He said the last few years have been marked by weekly bombings and explosions as the SLA and Hezbollah did battle. Many civilians were killed in the crossfire, while others fled to Beirut for safety. Because of his store, said Aoun, he had no choice but to stay.

“I would go from home to work to home again, only,” he said, describing life under siege. “Always we were afraid.”


Now, said Aoun, there’s peace and quiet. “With the war over, I just hope that Jezzine will become a tourist center once again.”

Nineteen-year-old Shadi Helou agreed that life has improved in the wake of the SLA pullout. The town, he said, no longer has to worry about Hezbollah attacks.

“People are more relaxed and stay out later,” he said.

But others expressed only bitterness that so little had changed in the 40 days since Jezzine’s return to Lebanon’s fold. Many noted that the national government had yet to lift travel restrictions into Jezzine, limiting the influx of tourists and the chance of economic recovery. Others accused the government of leaving Jezzine vulnerable to Hezbollah control by not deploying the Lebanese army in the region. The government argues that sending troops would signal cooperation with the Israelis, who have long insisted that Lebanon assert control over its border region.

People were most upset, however, about the status of 200 area residents who had worked for the SLA and gave themselves up to Lebanese authorities, rather than retreat with their colleagues. Mainly soldiers for the SLA, the men, ranging in age from their 20s through their 70s, are now facing trial in Beirut on charges of collaborating with the enemy. Despite their lawyers’ calls for amnesty, some already have received prison sentences ranging from three months to two years.

Edmond Rizk, a former member of parliament from Jezzine, who is representing some of the men, said they were victims of circumstance, not collaborators.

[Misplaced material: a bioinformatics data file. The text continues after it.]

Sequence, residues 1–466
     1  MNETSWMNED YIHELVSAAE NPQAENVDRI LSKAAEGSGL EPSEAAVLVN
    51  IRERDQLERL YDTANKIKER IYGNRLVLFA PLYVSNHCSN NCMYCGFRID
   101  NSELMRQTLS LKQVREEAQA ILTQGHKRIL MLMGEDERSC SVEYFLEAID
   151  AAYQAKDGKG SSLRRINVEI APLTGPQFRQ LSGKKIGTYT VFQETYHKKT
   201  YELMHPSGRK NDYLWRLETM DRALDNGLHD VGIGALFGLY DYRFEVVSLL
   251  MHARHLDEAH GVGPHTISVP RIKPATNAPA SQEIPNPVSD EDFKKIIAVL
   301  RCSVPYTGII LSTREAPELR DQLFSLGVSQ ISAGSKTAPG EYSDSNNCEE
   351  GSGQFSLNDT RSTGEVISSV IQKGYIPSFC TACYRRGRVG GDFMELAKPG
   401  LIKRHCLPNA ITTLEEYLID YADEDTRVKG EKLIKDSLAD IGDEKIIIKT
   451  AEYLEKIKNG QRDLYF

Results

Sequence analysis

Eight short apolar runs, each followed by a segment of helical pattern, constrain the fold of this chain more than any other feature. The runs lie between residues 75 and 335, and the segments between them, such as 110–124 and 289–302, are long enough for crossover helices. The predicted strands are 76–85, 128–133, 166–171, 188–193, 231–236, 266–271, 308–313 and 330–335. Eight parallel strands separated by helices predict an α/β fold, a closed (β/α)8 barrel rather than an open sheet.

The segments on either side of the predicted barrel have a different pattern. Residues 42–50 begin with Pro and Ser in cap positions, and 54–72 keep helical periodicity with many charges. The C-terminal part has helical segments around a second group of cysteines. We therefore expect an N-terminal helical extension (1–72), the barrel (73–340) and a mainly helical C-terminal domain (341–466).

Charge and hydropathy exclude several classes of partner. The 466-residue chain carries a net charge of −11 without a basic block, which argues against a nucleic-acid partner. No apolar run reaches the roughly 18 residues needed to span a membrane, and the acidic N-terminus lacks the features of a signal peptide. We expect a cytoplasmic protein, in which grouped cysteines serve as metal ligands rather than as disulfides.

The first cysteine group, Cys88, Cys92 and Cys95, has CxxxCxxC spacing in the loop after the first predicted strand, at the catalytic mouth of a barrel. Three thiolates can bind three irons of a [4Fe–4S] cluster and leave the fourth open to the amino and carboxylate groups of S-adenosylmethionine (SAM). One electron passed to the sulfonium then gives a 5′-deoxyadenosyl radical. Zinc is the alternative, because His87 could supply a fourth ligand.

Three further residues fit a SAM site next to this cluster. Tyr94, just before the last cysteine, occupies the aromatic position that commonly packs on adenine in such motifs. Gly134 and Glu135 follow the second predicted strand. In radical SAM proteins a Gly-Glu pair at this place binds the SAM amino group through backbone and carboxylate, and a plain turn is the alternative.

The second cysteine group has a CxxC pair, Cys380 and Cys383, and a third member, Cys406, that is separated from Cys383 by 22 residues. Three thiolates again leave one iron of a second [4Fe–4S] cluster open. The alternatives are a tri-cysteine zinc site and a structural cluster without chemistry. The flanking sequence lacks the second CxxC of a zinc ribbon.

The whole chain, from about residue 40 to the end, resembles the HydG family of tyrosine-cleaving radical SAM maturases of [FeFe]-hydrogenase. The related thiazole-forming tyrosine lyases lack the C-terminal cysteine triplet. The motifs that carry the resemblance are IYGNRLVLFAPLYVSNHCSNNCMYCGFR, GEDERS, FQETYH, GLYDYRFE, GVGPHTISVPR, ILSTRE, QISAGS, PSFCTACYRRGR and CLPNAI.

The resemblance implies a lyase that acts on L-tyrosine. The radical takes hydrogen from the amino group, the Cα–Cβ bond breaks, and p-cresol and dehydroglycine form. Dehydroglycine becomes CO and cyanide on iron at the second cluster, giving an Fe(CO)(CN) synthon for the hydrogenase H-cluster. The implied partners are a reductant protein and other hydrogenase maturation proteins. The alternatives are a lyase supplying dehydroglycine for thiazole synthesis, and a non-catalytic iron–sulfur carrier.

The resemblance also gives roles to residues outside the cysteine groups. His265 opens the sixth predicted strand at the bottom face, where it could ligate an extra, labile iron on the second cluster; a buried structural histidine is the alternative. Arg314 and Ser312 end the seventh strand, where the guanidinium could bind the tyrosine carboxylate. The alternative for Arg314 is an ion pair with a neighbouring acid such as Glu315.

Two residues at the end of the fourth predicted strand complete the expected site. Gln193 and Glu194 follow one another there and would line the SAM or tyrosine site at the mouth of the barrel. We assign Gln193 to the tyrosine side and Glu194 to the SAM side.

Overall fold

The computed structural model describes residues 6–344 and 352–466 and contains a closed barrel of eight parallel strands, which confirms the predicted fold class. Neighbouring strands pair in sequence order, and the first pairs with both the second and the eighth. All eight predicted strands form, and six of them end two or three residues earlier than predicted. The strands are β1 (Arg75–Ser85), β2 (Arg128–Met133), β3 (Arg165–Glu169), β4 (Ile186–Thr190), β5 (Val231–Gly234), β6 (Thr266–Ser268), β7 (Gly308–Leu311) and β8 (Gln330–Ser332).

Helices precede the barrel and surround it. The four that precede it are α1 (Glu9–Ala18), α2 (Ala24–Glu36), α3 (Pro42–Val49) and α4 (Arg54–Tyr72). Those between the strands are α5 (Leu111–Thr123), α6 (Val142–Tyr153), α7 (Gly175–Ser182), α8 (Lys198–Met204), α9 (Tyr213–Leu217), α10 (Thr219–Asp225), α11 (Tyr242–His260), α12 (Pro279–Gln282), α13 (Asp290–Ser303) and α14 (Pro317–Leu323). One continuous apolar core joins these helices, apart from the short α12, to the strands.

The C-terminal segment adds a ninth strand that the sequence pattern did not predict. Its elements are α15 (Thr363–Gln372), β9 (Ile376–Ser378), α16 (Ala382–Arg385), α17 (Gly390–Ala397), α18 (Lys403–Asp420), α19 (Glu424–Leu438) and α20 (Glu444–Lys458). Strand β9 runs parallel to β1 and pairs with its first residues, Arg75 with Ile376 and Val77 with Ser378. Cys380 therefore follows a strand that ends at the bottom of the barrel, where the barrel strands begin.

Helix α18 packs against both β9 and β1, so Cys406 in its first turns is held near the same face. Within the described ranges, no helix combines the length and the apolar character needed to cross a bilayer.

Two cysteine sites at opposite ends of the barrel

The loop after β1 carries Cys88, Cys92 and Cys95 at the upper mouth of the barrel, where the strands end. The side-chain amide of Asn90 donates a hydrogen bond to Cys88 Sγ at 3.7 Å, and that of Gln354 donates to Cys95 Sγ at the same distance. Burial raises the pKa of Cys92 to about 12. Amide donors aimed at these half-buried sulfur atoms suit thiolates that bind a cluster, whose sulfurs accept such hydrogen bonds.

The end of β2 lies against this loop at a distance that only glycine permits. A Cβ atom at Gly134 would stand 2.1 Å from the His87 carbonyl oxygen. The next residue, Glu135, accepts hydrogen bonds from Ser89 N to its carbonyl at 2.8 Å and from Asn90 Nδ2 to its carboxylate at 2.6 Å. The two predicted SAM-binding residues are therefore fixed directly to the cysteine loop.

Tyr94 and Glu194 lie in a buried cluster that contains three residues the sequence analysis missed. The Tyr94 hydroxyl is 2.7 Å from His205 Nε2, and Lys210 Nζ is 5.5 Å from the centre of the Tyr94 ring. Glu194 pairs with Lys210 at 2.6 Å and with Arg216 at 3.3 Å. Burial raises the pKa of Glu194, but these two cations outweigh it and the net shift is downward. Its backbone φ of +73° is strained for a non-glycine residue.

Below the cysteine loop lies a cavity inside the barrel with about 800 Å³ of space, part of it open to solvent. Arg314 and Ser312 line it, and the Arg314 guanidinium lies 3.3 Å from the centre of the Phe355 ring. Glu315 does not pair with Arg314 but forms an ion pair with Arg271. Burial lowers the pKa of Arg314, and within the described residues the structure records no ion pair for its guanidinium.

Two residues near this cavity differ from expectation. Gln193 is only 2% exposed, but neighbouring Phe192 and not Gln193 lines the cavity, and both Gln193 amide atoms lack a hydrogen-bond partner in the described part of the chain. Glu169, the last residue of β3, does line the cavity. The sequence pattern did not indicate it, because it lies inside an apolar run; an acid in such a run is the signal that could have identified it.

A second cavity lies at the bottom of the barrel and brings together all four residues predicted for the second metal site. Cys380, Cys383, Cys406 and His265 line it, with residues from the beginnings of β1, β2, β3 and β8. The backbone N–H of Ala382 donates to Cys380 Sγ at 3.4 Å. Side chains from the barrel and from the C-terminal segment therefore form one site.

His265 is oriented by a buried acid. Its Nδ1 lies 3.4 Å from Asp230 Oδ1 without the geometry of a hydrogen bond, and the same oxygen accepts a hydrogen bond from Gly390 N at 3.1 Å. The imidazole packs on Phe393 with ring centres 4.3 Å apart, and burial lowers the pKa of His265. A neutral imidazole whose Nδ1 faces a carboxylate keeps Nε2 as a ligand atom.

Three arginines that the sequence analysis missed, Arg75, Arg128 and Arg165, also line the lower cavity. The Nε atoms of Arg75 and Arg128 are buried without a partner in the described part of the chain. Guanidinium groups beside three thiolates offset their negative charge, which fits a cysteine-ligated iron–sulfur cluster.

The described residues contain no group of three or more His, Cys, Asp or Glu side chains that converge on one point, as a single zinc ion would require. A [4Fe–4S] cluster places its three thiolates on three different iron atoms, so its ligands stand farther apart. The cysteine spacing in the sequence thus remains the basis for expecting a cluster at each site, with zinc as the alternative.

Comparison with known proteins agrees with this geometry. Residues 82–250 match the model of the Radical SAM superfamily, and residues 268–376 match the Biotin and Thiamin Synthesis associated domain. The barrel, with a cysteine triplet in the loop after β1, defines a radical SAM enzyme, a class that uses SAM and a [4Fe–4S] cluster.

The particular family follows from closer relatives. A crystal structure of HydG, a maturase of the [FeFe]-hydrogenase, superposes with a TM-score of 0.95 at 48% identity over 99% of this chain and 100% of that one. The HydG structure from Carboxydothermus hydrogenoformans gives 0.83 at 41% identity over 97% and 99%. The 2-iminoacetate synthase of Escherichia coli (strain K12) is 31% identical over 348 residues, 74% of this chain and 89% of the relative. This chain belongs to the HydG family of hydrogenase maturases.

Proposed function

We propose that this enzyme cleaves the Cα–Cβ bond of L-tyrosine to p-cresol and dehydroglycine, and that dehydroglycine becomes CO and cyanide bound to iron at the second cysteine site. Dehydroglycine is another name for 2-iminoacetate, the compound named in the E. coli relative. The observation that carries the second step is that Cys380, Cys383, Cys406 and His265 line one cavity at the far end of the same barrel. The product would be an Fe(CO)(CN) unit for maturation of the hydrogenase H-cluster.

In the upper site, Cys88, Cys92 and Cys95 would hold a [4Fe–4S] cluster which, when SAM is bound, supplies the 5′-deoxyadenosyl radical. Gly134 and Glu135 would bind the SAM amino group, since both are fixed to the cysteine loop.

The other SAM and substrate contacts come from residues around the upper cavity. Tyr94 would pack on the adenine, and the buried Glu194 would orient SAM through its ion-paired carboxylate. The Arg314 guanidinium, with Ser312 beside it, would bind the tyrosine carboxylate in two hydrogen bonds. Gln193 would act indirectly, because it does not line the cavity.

“Many were taken by the SLA and forced to join,” he said, referring to the SLA’s policy of recruiting a son from each family. “Others joined for economic reasons”; in economically depressed southern Lebanon, the militia’s $500-a-month salaries were hard to match.

As one walks through the Jezzine area, it’s not hard to find residents with brothers, fathers or sons who served with the SLA. Their stories highlight the anguish and uncertainty of lives caught in the middle of the Arab-Israeli conflict.

At a grocery store in the nearby village of Roum, both the store owner and his customer said they had family members in prison awaiting trial on collaboration charges.

“We ran a hair salon,” said a tearful Fahimi Assouf, referring to her husband. “But the SLA took him 16 years ago; he had no alternative but to serve . . . He had to survive.”

Seated at a nearby gas station, elderly Boulos Akouri, a former gatekeeper for the SLA, expressed anger and disgust toward the Lebanese government for accusing his 25-year-old son of treason.

“We’re Lebanese here, our sympathies are not with Israel. We always believed the SLA was a Lebanese army,” said Akouri. “We were abandoned by the Lebanese government all these years, so what right does the government now have to prosecute my son?”

Despite a clear ideological gulf between the Hezbollah militants and the SLA soldiers, these erstwhile enemies also have a few things in common.

Long considered a Christian militia, the SLA is in fact predominantly Shiite today, its soldiers culled from the poor Muslim families inhabiting south Lebanon. This has made the SLA particularly susceptible to infiltration by the Shiite Hezbollah, which over the years has developed numerous informers among the client army’s ranks.

Hezbollah has also been effective in encouraging defections among SLA foot soldiers, promising them protection and assistance. In 1997, Hezbollah unsuccessfully sought to pass a bill in Lebanon’s parliament granting amnesty to all SLA defectors with the exception of officers.

“The Islamic resistance has pledged that we want to dismantle the SLA,” said Hezbollah spokesman Ibrahim Mussawi, “because they serve as Israel’s sandbags in the south.”

Following the Jezzine pullout, recent SLA defectors have reported the militia to be demoralized and on the verge of collapse. Rumors are circulating that General Antoine Lahad sought to resign and retire to France, but was prevented from doing so by the Israelis. The Israeli army has since been left with little option but to bolster its own forces in south Lebanon. Just four days after the SLA retreat, Israel declared that earlier plans to reduce its troop numbers were being postponed, in part to prevent the complete implosion of the SLA.